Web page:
-"I wonder if pictures in which we like the way we look are the ones that reflect who we really are..." I'm going with illusion; I think pictures we like reflect who we want to be. (Which I suppose begs the question: is it possible you ARE the person you want to be? My insecurity begs to differ, though). The problem with pictures, of course, is that they freeze a moment in time -- and we humans are ever-changing. To "capture" an image in and of itself is against human nature in that sense.
    -Love the bit about why people don't point to their heads. I would argue that they are not pointing to their chests, but their hearts, however. Which is kinda nice if you stop and think about it.
    -Finally, as for seeing oneself clearly, truly understanding who we are... I'm not sure I think that's possible to achieve. Quite frankly, I don't think the human mind is up to the task -- too many variables, moving parts; too large a body of work to analyze. Don't get me wrong, I'm a huge believer in the quest for self-knowledge; I just think the mountain has no top. Onward ho!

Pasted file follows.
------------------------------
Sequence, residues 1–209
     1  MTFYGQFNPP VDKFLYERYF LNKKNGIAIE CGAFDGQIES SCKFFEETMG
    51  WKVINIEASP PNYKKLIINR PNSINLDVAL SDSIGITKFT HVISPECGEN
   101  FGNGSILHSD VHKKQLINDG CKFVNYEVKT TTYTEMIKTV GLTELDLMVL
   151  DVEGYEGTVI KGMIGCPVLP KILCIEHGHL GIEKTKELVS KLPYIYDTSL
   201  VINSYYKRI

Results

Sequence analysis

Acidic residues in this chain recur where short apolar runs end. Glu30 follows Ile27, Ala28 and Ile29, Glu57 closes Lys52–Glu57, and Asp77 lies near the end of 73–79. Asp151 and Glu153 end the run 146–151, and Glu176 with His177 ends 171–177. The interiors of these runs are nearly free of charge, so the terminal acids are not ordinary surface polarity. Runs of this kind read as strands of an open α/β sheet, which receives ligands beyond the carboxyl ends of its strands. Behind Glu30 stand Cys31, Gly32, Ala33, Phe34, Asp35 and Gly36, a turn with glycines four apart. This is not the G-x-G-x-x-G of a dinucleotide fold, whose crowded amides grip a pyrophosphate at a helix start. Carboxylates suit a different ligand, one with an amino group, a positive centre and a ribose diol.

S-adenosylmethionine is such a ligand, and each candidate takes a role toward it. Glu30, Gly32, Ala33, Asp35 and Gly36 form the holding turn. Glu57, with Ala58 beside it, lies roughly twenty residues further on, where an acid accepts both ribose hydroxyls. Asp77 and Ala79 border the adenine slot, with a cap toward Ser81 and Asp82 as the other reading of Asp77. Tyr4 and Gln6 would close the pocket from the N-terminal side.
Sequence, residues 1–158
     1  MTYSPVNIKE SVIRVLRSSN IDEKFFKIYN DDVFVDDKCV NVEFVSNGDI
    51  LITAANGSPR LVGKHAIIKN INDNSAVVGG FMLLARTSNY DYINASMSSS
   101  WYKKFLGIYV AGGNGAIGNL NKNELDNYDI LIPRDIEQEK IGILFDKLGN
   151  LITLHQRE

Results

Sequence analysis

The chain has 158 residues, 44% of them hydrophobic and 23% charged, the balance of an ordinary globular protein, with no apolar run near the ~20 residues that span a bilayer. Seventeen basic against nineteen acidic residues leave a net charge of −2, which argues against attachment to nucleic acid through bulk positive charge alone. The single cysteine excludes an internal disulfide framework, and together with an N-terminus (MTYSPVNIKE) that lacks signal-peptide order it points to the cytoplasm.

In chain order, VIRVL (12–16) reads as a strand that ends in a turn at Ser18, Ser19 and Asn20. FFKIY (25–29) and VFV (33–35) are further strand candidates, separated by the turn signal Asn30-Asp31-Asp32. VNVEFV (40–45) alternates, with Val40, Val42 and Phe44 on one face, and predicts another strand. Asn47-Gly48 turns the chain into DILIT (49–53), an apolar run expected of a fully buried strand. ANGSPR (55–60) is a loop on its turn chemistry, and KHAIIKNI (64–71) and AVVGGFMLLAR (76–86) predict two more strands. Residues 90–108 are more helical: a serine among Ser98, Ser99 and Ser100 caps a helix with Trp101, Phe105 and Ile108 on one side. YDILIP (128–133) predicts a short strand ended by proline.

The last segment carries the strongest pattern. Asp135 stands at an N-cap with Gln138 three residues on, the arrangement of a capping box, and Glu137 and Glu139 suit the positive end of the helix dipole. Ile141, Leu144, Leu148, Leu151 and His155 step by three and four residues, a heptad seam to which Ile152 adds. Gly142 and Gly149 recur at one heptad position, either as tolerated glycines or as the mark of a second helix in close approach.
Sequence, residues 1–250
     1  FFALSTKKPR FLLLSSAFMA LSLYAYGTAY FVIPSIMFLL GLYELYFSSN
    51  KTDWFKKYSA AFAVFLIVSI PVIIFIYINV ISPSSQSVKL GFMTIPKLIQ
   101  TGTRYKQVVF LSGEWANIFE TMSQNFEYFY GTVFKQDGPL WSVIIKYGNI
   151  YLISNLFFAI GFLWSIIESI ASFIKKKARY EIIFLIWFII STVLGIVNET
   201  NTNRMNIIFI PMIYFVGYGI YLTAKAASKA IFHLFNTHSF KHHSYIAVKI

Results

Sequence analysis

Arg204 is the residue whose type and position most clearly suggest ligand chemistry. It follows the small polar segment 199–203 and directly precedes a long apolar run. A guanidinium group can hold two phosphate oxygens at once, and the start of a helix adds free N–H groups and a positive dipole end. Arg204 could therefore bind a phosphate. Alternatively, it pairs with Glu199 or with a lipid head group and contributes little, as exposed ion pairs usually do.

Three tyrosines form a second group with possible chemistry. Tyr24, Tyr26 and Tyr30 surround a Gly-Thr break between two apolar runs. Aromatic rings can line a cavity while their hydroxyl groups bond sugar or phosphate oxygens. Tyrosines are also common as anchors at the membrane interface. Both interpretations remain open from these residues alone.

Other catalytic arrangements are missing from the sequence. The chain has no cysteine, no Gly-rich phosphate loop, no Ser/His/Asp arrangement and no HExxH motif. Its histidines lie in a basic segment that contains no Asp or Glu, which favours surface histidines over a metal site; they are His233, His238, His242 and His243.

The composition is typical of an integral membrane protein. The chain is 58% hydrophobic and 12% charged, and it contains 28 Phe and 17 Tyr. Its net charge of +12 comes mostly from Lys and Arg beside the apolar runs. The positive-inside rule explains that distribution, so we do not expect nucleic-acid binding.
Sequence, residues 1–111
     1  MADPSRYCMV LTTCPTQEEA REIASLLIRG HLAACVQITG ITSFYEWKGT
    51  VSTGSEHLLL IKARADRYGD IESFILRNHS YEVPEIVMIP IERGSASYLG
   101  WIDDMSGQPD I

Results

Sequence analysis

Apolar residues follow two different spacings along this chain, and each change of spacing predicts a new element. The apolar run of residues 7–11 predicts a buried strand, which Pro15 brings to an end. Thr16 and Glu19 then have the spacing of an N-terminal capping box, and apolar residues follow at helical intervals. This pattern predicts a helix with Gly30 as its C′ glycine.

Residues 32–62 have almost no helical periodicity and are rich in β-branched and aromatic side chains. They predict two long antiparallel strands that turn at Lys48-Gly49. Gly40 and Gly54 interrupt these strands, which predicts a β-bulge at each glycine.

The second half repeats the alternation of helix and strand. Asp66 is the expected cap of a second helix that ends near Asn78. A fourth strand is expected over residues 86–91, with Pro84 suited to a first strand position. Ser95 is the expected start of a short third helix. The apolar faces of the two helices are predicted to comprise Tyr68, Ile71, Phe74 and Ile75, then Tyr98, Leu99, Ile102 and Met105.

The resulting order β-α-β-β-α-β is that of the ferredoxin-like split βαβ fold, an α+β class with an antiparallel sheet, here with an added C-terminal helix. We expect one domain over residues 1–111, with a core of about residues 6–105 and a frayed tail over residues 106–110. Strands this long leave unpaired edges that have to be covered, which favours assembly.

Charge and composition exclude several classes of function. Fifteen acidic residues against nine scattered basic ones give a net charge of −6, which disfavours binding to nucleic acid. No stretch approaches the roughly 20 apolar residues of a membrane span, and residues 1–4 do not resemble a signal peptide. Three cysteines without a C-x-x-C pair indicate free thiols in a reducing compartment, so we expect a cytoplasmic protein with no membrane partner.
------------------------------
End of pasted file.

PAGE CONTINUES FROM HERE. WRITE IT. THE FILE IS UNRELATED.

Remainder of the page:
I really like your conclusion. It's hopeful. And sent me along the following thought path (bear with me -- it's a little convoluted): I wonder if perhaps the quest for self-knowledge is in part a manifestation of our frustration with the inherent boundry between ourselves and the outside world? The outside world is so hopelessly complicated that we focus on the inner world as a more familiar and smaller territory to navigate, and one where we have some modicum of control. Are we through the looking glass -- but convince ourselves that by 'realizing our own inner truth' we'll somehow lessen the divide between inside and outside, and make the outer world easier to navigate? Maybe reality is a fun house mirror -- we KNOW who we are, and we are fascinated and confused by the warped image that gets pinged back to us intermittantly, making us second guess the truths we already know. And thus the mirror is a gateway not to the soul, but to the outside world.